Hybrid events: in-person events’ welcome cousin
In early 2020 most events became virtual, but the hybrid event – welcoming in-person and virtual attendees to the same event – is the next big shift.
An informal survey during Global Meeting Industry Day last April revealed that 62% of event planners plan to organise hybrid events going forward.
Hybrid events are not new – many event organisers have included live streaming or other virtual components in their events for years. But they fit our uncertain times perfectly, as well as offering other benefits including allowing more people to attend and being more environmentally friendly. Planners should be aware, however, that online attendees have high expectations – they are now demanding a higher quality of content, advanced production, networking possibilities and a sense of community.
When planners look to the year ahead and think about their total events programme, they should consider the hybrid event as part of the family. Think of it like this: you might invite all the family to big occasions, but for smaller occasions you’ll stick to your immediate family. Maybe you’ll utilise the full suite of virtual, in-person and hybrid for big conferences, and for other events there’ll be less of a mix.
Anita Howard, founder of In-House Corporate Events (ICE), says, “Even when we come out of COVID, now that we’re not scared of technology, we’ll be doing satellite events – events in different cities.” Howard thinks it will be “about four to five years” until very large meetings start up again.
But how to decide what sort of event to hold? Charlotte Bygraves, director of marketing events at Bain & Company, says a major consideration is the event’s purpose: is it to create engagement or transmit information?
Bygraves says, “If it’s a round table forum, you can’t get huge engagement if your audience is too large, on Zoom. It’s easier to turn off your camera or not put yourself forward, than if you were there in person. So broadly across our industry, we’re seeing smaller groups if you want that engagement, and then one-to-many webinar broadcasts if you’re giving information.”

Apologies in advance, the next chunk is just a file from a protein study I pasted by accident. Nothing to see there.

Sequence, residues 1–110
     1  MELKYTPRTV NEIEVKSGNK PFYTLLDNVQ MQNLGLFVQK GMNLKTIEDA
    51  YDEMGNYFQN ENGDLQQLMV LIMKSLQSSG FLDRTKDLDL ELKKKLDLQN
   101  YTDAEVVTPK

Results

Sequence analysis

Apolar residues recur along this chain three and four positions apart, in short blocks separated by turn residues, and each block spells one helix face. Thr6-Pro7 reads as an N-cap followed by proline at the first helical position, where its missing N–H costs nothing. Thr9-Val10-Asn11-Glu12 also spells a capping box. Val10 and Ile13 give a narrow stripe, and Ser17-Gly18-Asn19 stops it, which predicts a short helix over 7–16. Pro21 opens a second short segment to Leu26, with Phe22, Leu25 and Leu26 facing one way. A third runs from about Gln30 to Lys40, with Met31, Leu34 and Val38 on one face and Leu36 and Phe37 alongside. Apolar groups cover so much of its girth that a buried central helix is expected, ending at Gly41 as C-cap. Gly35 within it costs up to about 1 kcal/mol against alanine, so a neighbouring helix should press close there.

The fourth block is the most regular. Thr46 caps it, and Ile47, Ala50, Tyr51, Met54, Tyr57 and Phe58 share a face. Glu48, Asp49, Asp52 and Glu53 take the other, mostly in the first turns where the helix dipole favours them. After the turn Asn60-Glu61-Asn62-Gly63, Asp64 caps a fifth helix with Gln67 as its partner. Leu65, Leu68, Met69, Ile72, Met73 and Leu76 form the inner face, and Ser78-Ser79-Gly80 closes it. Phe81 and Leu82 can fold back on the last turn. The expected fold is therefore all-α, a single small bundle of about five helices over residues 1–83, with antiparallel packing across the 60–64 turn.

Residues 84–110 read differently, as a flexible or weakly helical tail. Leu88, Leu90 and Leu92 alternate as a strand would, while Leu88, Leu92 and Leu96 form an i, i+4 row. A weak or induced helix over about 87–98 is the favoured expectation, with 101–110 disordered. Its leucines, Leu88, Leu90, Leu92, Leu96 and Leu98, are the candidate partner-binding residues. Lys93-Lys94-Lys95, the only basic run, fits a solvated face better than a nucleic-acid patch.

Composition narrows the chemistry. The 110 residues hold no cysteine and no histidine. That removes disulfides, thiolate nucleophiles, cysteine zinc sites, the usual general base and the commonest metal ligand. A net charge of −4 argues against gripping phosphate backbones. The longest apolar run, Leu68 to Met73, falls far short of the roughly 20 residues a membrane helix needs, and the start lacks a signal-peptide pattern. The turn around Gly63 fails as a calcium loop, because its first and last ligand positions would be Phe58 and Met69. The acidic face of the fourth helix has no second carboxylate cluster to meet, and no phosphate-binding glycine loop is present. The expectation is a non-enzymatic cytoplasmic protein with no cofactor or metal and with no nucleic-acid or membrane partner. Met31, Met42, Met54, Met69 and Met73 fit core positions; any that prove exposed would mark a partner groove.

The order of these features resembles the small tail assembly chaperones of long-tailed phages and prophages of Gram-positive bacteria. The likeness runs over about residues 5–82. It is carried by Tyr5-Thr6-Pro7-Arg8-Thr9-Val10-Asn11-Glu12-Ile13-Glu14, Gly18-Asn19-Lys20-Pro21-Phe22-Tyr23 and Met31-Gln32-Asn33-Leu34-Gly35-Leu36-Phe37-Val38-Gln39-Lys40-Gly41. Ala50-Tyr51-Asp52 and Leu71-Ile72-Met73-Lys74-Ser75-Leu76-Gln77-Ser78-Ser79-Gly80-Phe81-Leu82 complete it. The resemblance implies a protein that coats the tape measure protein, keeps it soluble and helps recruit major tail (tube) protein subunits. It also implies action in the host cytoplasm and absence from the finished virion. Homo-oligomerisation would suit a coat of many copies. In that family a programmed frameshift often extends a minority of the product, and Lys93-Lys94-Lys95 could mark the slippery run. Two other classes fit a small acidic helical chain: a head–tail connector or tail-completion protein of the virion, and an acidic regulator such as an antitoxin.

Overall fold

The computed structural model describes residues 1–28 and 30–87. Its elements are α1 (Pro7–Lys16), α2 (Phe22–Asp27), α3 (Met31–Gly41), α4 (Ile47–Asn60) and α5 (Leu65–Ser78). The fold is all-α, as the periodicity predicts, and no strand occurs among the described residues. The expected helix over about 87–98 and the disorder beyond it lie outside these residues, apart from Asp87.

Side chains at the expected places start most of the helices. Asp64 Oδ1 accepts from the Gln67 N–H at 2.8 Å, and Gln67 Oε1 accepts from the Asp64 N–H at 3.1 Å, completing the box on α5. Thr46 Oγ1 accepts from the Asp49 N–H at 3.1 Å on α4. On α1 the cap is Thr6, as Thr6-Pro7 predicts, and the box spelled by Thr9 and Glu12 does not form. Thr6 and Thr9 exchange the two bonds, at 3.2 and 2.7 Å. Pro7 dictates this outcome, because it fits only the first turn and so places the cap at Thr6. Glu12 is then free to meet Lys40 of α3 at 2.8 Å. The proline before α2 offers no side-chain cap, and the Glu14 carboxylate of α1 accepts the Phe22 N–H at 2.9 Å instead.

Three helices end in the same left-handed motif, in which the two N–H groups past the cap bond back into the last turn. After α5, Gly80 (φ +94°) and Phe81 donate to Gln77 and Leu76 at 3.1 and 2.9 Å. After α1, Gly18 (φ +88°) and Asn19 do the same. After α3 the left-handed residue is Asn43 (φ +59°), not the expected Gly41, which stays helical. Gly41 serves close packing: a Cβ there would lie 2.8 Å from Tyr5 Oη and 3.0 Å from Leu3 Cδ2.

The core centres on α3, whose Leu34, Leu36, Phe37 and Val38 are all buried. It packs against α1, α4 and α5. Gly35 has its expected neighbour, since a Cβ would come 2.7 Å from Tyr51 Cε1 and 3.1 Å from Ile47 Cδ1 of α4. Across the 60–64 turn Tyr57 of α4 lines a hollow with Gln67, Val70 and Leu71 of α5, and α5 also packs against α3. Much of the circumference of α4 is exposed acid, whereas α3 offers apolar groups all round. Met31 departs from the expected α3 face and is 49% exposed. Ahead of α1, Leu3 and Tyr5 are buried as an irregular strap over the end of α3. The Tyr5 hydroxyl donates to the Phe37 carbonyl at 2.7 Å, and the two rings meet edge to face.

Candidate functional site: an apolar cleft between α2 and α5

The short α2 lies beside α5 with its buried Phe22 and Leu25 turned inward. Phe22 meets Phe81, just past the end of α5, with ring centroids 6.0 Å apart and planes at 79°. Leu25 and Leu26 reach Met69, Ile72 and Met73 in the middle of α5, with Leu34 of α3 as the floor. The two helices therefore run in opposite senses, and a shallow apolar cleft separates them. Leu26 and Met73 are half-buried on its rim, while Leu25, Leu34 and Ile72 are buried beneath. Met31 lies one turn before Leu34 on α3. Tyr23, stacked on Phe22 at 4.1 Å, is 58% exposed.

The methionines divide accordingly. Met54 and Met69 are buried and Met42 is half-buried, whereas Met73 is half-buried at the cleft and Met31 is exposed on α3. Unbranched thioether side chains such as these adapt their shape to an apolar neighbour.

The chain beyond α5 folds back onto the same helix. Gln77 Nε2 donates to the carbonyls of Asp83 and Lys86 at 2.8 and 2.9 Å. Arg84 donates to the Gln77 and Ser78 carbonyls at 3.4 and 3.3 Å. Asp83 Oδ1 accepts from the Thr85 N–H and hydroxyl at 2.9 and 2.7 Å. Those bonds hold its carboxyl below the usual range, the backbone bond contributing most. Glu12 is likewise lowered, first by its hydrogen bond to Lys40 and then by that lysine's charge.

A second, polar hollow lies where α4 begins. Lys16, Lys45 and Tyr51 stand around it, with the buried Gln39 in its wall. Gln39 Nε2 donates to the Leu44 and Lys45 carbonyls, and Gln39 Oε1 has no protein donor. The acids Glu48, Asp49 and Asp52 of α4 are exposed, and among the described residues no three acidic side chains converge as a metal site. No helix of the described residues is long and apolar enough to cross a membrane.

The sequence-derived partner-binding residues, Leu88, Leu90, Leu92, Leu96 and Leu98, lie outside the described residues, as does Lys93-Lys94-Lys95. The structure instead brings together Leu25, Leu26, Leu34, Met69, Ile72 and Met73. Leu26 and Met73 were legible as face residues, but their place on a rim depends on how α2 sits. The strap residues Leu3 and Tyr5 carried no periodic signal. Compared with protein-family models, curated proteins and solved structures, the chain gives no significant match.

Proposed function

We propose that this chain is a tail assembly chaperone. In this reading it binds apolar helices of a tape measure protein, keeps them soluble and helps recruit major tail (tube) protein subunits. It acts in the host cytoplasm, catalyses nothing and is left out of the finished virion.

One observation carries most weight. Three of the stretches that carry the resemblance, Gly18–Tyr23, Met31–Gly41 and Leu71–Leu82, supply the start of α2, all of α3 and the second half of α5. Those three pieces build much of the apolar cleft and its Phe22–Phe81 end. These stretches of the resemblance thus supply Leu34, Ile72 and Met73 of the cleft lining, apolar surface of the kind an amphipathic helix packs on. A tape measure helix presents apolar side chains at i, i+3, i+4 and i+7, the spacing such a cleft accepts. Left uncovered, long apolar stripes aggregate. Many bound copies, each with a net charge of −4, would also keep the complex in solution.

In this context, a hybrid model suits events such as trade shows, conferences, sales kick-offs and global town halls.
Hybrid options are also useful when some attendees are unable to attend in person, which is likely to be the case for a while post-COVID. People may have health or safety concerns about travelling, or their organisation may have a limited travel budget. Or perhaps the venue isn’t large enough to accommodate everyone who wants to attend, especially taking into account social distancing.
Pre-event surveys are a good way to discover how your attendees are feeling about in-person events and what their particular situations are.
However sometimes an onsite experience is the best way to communicate with teams, making it important that they’re there in person. These kinds of events might include team bonding days, small customer lunches and awards ceremonies. Clearly, for the time being, planners will have to put extra safety measures in place for in-person events.
And purely virtual events will also continue to have their place, where you can share information effectively via a video: think webinars, regular team meetings and executive panels. You won’t always have the budget to make an event hybrid.
One advantage of including virtual and hybrid meetings in your mix is that recorded content can be repurposed for future marketing activity, saving you time and money. And in the current climate, planning a range of different events keeps you flexible – if unforeseen problems lead to the cancellation of in-person events, you’ll have virtual and hybrid event planning knowledge to still deliver your events.